In a continued, desperate bid to find a yank passerine, a minimal team was dispatched to Cornwall on the afternoon of the 20th (arriving at Porthgwarra to a YBW reception just before dusk). Day 1 was spent touring the valleys - Cot was followed by Kenidjack, Nanquidno, Porthcurno, Porthgwarra, Treen and then Nanjizal. Most surprising was the presence of birders - lots of them. We thought Cornwall was underwatched, but after meeting 7 different birders at Kenidjack we had to rethink a few things. Still, there was not that much to look at, just Firecrests, YBWs and Black Redstarts. Hoping to find somewhere not covered in birders, we tried the Lizard the next day. A circular walk around the end produced 1 YBW, Firecrest and Black Redstart, for a change. Running out of ideas we tried the Predannack area - the Gew Graze looked suitably monster - a huge geo that must have held upteen Oporoinis warblers in its time. We espied a movement in the bottom, a tired migrant shuffled under a rock. Pulses quickened, and then a Robin emerged. Fate can be cruel. At times like this twitching seems a tempting prospect. With an hour of daylight left to save the autumn, we tried Mullion Cove. Mullion Cove? It looked good, Chiffchaffs were everywhere, indeed they had been everywhere all day, 12 flitted around one willow, including three grey and white abietinis types. AL gave it some hero stance and managed to remain engaged enough to hear an RBF rattle. Two semi-anxious seconds later it popped up, a fine adult male. It showed a Willow Warbler who's boss (suggesting its been around a while) and posed for the cameras. However, it wasn't a Sertophaga redstart. The team's dream isn't dead yet, but it's in the emergency room. 

adult male Red-breasted Flycatcher Mullion Cove (AL)

         

new Lizard: left Gew Graze, right Mullion Cove (AL)

18-19th October

Punta Rasa, Argentina (JB)

Initial error of losing my gen (and work notebook) in the airport was made up for by maximum effort thereafter. Drove South of Buenos Aires on 350+ spp for the trip to push through my British Lowlist for the 400 mark. After making it half way I slept in the hire car overnight at the entrace to 'El Gaucharia' whatever that was. One awkward exchange in pseudo-Spanish later I hit the road in the morning for the final miles. Main problem, without gen and no canastereo for playback I dipped Hudson (an endemic Canastero, like the rest - brown and this time streaky - think Fernbird from NZ, marshbirds from Asia, birds are like faces - there are only so many 'types'). Spending the whole afternoon cutting myself up in pampas grass couldn't make amends.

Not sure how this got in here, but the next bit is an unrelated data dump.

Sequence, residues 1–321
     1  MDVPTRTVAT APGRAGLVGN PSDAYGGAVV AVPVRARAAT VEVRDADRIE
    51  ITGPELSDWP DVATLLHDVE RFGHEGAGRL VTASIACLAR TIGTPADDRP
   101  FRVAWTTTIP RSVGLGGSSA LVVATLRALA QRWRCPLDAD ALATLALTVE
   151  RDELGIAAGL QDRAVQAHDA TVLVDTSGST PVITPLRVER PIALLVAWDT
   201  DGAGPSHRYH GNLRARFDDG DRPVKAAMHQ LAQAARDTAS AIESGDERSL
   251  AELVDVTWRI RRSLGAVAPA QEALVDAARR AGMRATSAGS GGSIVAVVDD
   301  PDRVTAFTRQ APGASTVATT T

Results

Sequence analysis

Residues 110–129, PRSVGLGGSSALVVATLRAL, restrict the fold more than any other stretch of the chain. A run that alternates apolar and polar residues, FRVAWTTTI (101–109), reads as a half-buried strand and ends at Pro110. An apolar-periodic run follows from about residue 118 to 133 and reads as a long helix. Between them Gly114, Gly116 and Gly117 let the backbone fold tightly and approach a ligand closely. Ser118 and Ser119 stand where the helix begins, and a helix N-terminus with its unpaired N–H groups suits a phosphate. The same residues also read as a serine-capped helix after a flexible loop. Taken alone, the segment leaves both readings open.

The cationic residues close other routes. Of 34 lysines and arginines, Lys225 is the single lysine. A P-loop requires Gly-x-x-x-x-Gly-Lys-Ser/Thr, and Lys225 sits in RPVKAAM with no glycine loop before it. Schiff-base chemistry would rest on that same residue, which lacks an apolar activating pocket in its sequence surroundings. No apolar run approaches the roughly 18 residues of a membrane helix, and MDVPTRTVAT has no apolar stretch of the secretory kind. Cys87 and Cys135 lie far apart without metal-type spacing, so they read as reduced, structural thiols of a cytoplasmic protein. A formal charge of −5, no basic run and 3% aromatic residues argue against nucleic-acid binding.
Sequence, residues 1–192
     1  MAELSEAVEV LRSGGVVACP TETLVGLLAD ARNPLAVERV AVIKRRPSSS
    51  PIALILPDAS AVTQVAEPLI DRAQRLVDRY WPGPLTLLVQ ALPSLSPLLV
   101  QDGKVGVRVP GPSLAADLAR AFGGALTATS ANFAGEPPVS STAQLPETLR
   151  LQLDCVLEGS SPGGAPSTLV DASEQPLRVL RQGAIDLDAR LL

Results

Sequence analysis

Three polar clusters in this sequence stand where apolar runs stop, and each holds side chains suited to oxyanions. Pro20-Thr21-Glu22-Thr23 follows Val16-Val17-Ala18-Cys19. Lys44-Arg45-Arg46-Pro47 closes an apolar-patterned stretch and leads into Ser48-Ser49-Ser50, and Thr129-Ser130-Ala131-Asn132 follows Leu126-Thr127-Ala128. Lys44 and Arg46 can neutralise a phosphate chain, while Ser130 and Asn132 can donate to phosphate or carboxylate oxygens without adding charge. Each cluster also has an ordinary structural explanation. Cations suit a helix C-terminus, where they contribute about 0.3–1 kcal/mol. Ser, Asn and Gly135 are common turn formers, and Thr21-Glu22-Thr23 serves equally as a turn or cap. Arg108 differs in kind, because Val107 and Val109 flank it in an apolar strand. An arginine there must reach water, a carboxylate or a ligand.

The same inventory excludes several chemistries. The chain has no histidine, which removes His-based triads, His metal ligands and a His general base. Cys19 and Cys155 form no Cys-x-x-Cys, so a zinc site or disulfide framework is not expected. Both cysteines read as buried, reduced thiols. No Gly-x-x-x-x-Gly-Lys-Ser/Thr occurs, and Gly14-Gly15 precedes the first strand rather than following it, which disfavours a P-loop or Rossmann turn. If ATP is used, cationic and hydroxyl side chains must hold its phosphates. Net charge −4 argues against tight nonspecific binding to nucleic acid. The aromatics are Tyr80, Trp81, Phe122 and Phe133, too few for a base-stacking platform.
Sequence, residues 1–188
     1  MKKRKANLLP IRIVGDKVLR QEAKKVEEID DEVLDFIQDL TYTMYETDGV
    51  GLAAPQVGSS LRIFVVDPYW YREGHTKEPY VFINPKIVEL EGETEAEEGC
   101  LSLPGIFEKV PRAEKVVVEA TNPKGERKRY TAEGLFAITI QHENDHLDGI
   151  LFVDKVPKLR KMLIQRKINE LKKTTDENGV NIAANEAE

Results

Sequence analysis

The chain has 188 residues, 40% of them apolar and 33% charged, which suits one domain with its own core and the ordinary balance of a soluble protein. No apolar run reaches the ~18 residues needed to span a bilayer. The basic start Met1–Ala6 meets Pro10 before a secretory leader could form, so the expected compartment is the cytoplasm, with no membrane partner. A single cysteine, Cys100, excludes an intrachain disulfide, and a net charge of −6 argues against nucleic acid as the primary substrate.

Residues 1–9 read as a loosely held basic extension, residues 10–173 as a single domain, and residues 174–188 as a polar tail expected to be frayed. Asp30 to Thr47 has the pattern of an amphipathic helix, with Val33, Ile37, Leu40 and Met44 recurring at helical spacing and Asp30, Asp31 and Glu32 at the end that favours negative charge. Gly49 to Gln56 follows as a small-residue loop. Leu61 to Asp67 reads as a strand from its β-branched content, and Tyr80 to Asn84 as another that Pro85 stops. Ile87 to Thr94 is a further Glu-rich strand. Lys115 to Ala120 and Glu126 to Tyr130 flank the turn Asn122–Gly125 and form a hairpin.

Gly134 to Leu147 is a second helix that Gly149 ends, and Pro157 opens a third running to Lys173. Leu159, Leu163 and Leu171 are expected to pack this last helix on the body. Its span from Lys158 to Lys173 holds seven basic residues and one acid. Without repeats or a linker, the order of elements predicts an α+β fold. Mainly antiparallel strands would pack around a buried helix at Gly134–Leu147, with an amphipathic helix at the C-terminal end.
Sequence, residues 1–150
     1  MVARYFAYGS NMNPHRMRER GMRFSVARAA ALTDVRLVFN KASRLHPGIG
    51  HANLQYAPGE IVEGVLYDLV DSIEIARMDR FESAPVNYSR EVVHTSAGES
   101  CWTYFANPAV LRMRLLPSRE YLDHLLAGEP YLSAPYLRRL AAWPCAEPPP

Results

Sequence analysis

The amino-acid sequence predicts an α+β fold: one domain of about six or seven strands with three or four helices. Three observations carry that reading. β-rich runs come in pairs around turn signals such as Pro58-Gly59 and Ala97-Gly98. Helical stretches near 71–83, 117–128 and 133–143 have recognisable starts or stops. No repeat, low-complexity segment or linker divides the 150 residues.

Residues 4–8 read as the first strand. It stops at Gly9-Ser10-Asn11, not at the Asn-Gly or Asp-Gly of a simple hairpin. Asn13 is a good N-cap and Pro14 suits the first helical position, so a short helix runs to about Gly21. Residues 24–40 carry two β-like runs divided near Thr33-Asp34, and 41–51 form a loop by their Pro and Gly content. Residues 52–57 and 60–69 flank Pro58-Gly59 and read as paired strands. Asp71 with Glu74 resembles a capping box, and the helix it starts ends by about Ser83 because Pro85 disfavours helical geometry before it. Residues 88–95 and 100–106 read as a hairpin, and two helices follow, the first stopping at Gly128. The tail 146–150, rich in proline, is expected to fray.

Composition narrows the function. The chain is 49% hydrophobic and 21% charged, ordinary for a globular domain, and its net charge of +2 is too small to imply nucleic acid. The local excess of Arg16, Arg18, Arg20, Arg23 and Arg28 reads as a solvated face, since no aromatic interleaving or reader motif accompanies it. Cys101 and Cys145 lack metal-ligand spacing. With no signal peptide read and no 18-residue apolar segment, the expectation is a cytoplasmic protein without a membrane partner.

So, the score: Driven safely, car slept in twice. 1 Giant Petrel spp flyby off-shore. Olrog's Gull X 5. Buff-breasts - four briefly in high tide roost down the beach to the south from the main point amongst white-rumps, Hudsonian Godwits etc. White-throated Hummer. 1 Elegant-type tern. So as soon as I saw an orange-billed tern standing out from all the Cayenne I got a bit carried away by recent reports of Elegants, the first for the South American Atlantic seaboard, and forgot about Royal. Then realised there were about 13 of them, thought sweet and went to get my camera for some diggie scoping. By my return most had been flushed by a small horde of kite surfers, and only 4 or 5 Royal (the penny had now dropped) remained. However, 1st inspection showed a classic Elegant - finer, drooping bicoloured bill. Smaller than the Royals - confidence limits 90% +/- competence. 2nd downside of no gen, I couldn't find a hot tip road to drive to look for waders. Tidied up on some fowl late on with Rosy-bills, BNSWAN, White-tufted Grebe etc.

All in all, a happy outcome.

 

Inishmore omission (AL)